The values for effective temperature, surface gravity, microturbulence velocity and iron abundance were found to be equal to Teff=7,300 K, logg=3.25, vmicro=3.8 km s–1, and logN(Fe)=7.44±0.08 (in the scale logN(H)=12) respectively. In particular, the value for iron abundance is close to the solar metallicity logN(Fe)=7.47–7.50 (Grevesse et al. 2010;Scott et al. 2015).

Luck (2015) found for V1719 Cyg the values Teff=6,642 K, logg=3.4, vmicro=3.1 km s–1 and logN(Fe)=–0.08. Note that V1719 Cyg is a variable star. The effective temperature can vary from 6,800 to 7,300 K, as it was shown by Kim & Yushchenko (2011). Maybe the spectrum of V1719 Cyg used by Luck (2015) was observed near to the minimum of its light curve. Kim & Yushchenko (2011) mentioned V1719 Cyg to have possible overabundances of several iron group elements such as yttrium, zirconium and lanthanides. They then suggested that it can be a metallic line (Fm) star in which iron abundance is close to the solar value, but the heavier elements are overabundant. Now, we report the detailed chemical composition of V1719 Cyg, obtained from the same high resolution spectra.


Two high resolution spectra of V1719 Cyg were obtained from the Bohyunsan Echelle Spectrograph (BOES) at the 1.8 m telescope of the Bohyunsan Optical Astronomy Observatory in Korea. The signal to noise ratio (S/N) of the spectra is about 100, with the resolving power (R) of 45,000 and the wavelength coverage of 3,800 to 9,600 Å. The observations were carried out from the Julian dates of 2,454,740.115 and 2,454,740.187. The exposure times were 30 minutes for both observations. These moments corresponds to the phases 0.78 and 0.05 – near to the maximum of its light curve in accordance with Kim & Yushchenko (2011). The example of spectrum can be found in Fig. 1 of this paper and also in Fig. 6 of Kim & Yushchenko (2011) paper. The reduction of observations was described by Kim & Yushchenko (2011). In this paper we used the same spectra.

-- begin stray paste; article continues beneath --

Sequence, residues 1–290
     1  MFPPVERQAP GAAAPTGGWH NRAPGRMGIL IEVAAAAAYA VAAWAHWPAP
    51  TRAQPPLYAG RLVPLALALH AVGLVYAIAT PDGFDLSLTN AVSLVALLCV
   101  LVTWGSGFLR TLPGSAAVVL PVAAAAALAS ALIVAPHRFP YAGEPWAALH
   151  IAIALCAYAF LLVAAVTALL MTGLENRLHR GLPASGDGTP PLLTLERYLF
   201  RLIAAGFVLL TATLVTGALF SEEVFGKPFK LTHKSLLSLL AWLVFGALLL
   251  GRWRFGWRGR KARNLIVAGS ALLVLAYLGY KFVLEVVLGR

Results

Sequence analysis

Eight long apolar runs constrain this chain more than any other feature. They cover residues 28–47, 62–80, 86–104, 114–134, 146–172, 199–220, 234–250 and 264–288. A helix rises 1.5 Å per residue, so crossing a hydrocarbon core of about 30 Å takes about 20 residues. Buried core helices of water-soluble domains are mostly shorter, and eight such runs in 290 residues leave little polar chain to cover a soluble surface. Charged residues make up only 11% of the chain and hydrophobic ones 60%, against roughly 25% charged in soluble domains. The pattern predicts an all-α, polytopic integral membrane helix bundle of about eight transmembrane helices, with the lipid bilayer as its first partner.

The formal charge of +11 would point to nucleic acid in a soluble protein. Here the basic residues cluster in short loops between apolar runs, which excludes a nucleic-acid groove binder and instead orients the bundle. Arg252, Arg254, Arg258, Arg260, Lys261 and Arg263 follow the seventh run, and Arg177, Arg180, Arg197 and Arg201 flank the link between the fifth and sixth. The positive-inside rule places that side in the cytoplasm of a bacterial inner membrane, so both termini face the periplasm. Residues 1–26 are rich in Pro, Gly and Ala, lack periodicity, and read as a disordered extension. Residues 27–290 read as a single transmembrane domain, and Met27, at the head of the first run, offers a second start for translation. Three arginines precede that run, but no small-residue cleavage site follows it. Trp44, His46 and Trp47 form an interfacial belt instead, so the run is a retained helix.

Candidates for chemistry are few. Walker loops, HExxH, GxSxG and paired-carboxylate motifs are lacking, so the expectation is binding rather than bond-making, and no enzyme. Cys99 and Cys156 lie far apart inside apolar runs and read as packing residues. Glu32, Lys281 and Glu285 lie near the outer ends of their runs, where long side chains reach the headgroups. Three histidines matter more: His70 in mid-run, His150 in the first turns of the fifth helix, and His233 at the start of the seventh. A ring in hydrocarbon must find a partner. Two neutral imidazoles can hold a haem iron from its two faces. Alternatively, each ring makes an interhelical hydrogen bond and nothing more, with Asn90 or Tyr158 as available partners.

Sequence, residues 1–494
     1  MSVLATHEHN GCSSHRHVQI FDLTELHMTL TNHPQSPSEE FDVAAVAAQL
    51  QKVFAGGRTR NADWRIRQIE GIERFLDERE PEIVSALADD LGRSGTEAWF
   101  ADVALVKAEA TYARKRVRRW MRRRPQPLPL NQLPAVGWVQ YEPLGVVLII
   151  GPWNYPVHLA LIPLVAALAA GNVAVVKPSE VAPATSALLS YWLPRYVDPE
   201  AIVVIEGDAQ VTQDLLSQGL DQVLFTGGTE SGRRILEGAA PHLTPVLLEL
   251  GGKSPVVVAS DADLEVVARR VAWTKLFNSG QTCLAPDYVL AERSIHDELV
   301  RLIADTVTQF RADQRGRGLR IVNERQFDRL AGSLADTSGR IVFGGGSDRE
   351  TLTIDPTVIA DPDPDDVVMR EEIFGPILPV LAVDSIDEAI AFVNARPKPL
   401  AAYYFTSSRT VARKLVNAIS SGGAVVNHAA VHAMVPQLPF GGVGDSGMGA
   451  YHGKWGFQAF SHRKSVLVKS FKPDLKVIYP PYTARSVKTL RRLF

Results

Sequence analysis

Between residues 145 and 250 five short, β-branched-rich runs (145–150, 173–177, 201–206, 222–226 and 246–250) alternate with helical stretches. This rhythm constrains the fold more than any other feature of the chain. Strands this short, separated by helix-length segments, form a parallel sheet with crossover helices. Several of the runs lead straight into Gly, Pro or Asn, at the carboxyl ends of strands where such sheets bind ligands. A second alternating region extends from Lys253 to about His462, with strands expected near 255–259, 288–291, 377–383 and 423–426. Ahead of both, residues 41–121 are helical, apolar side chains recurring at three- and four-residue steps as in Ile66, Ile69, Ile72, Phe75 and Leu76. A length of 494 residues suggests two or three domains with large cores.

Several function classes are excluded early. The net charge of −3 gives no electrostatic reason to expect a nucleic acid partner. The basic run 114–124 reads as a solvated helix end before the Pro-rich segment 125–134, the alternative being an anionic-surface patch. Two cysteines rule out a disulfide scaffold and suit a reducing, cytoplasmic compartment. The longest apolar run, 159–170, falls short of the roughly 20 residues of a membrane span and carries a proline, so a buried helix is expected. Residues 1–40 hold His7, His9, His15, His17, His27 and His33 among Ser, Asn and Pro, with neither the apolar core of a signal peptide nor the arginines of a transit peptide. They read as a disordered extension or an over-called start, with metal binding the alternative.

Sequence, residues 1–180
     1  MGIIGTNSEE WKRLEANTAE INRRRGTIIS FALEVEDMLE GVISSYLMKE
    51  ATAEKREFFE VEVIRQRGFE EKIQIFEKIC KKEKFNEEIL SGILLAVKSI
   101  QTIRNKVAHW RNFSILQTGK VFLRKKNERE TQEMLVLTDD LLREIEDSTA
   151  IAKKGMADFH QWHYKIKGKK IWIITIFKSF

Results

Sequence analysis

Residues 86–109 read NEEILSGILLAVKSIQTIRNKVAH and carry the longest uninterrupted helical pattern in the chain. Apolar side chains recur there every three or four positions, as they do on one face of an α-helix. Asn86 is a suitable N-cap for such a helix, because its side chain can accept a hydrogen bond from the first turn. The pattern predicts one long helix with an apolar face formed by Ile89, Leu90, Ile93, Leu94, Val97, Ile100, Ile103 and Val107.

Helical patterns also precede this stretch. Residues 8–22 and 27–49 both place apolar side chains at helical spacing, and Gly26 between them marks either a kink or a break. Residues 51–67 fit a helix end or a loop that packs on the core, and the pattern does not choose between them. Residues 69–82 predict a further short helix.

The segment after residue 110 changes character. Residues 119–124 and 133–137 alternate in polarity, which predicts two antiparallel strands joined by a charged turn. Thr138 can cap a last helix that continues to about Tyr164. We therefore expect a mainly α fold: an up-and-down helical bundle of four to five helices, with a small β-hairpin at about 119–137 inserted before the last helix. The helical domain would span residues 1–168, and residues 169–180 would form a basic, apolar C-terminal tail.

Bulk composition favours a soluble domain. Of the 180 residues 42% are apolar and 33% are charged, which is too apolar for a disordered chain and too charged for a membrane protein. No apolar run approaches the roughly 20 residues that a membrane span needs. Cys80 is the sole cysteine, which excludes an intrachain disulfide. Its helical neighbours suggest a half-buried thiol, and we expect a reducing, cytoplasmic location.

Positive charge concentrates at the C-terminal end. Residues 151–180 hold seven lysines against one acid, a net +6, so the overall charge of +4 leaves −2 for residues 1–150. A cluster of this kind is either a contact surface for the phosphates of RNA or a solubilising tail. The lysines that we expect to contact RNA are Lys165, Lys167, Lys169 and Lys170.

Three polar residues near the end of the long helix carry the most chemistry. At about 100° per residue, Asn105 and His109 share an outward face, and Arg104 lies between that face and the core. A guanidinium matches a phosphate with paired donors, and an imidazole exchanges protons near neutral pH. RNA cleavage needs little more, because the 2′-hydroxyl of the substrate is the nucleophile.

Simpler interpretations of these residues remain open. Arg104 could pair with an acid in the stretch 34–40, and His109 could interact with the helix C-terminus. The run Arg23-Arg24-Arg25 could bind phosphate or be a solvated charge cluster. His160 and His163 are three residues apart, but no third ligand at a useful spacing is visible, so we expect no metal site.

Fig. 1. The observed (points) and the synthetic (lines) spectra of V1719 Cyg in the vicinity of samarium line, namely Sm II λ 4,704.400 Å. The axes are wavelength in angstroms and relative fluxes. The positions of spectral lines taken into account in calculations are marked in the bottom part of the figure. For some of the strong lines the identifications are given. The position of the samarium line is marked by a vertical dotted line. The different synthetic spectra are calculated with the best abundance of Sm in the atmosphere of V1719 Cyg and with the abundances increased and decreased by 0.5 dex.